Quick Quantum Quips: Vendors roll out software applications to increase customer connections through partnerships and internal innovation

Welcome to TBR’s monthly newsletter on the quantum computing market: Quick Quantum Quips (Q3). This market changes rapidly, and the hype can often distract from the realities of the actual technological developments. This newsletter will keep the community up to date on recent announcements while stripping away the hype around developments.

For more details, reach out to Stephanie Long or Geoff Woollacott to set up a time to chat.

July 2020 Developments

Tying systems and software together has been a general focus of July quantum computing activity. These ties increase quantum computing vendors’ ability to more adequately address and meet the emerging needs of their customers. The finance and banking industry remains a key customer base for quantum as more financial customers partner to develop industry-specific applications for the technology.

  1. Cambridge Quantum Computing (CQC) and IBM partnered to make CQC the first startup-based hub in IBM’s Q Network. This move grants CQC cloud-based access to IBM’s army of 20 commercially available quantum computers. Leveraging this cloud-based access and Qiskit, CQC along with members of its hub will work on advancing quantum capabilities for specialized use in areas such as chemistry, finance and machine learning.
  2. D-Wave has expanded its Leap quantum cloud service into India and Australia, increasing the global footprint of its quantum technology. D-Wave’s quantum cloud service is now available in 37 countries. In addition to the Leap Quantum Cloud Service, customers in India and Australia will now also have access to D-Wave’s Hybrid Solver Service, Integrated Developer Environment and Problem Inspector solutions as well as access to flexible increments of computing time in a hybrid computing model. D-Wave offers this flexible access in free and paid plans.
  3. Atos unveiled its Quantum Annealing Simulator, which is compatible with Atos’ Quantum Learning Machine and enables the company to provide customers with access to quantum capabilities via a simulator as well as gate quantum computing through its existing portfolio. TBR believes this approach is strategically advantageous for Atos, as quantum annealing gives customers access to a quantum-like solution that achieves a lower error rate faster than a traditional system, enabling Atos customers to become familiar with the technology while the system developments continue to reduce error rates and expand capabilities.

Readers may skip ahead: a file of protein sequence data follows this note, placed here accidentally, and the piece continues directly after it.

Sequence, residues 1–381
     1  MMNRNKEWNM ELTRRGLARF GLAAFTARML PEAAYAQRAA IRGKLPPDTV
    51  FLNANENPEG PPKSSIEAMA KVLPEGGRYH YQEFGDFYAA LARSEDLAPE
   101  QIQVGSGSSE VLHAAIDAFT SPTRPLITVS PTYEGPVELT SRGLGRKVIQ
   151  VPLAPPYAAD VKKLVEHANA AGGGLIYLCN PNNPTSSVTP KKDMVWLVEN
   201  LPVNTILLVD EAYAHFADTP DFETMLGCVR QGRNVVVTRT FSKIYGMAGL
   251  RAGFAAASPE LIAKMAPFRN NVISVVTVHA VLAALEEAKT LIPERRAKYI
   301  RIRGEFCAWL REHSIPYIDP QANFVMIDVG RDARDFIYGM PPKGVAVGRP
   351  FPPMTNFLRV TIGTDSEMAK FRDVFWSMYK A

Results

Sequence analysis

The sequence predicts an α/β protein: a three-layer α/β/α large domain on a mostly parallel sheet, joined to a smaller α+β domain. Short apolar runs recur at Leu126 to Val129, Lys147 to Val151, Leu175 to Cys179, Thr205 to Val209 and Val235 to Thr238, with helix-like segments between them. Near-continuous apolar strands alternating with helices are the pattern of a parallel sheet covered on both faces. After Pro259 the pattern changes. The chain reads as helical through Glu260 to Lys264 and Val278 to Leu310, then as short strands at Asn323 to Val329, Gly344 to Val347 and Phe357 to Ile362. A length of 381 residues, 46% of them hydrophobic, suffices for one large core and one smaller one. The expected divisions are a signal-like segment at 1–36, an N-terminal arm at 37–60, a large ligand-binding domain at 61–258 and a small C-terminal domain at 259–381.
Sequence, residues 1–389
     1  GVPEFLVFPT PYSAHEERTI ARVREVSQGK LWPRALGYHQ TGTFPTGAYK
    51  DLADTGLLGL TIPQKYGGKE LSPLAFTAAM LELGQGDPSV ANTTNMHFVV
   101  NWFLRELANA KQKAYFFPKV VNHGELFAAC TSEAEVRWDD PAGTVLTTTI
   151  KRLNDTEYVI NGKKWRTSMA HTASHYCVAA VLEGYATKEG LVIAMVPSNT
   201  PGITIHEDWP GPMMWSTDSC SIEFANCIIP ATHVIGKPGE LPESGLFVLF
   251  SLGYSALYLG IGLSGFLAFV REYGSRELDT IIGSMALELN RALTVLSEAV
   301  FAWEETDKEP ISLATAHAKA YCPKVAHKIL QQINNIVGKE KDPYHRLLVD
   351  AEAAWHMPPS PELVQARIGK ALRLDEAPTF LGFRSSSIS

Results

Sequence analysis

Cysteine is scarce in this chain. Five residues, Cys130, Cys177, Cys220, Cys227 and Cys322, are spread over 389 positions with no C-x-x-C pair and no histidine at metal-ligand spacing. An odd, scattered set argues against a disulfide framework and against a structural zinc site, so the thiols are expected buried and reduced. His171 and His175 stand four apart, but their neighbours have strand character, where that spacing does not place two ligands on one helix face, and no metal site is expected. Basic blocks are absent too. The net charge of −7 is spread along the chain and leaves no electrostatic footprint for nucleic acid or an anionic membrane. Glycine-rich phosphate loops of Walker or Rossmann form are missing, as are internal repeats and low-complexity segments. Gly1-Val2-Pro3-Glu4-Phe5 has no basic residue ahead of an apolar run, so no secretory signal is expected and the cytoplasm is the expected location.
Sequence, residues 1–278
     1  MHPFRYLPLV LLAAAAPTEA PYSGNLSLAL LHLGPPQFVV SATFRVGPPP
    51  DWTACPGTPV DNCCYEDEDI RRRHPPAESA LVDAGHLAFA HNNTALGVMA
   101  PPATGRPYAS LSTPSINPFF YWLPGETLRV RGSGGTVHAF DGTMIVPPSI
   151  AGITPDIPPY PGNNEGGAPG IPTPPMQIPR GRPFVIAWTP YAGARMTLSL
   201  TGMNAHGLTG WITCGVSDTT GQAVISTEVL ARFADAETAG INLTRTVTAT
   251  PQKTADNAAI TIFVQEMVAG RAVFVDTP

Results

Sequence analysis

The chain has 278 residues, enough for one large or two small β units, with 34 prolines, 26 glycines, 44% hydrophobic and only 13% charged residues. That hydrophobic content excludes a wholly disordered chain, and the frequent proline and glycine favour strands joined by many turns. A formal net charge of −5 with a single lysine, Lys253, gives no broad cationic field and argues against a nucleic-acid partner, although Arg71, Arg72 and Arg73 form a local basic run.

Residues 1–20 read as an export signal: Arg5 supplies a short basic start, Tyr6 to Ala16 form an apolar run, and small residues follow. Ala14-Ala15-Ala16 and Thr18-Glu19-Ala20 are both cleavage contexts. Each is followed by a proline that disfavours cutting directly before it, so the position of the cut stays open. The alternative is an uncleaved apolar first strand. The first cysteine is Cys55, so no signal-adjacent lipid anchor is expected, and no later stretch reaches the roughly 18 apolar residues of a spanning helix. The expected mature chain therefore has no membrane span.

4. Atos also unveiled an open innovation accelerator program — called Scaler, the Atos Accelerator — which is geared toward vertical-centric experts and startups. As part of this program, 15 startups and vertical-specific experts will be selected annually to participate in developing quantum-specific projects fueled by customer interest. The research will further support the development and enrichment of Atos’ existing quantum computing offerings and also reinforce, in TBR’s view, Atos’ ability to provide quantum services. TBR notes that this approach to innovation is similar to that of other services firms involved in quantum computing, where innovation is largely customer driven to address specific demands.
  5. Standard Chartered Ventures unveiled its commitment to researching potential uses for quantum computing in the finance and banking industry through its academic partnership with Universities Space Research Association (USRA). USRA is a U.S.-based nonprofit with 49 university members. Standard Chartered Ventures noted that some use cases being explored through quantum computing include simulating portfolios and significantly increasing the speed of market data generation.

If you would like more detailed information around the quantum computing market, please inquire about TBR’s Quantum Computing Market Landscape, a semiannual deep dive into the quantum computing market. Our most recent version was released in June.

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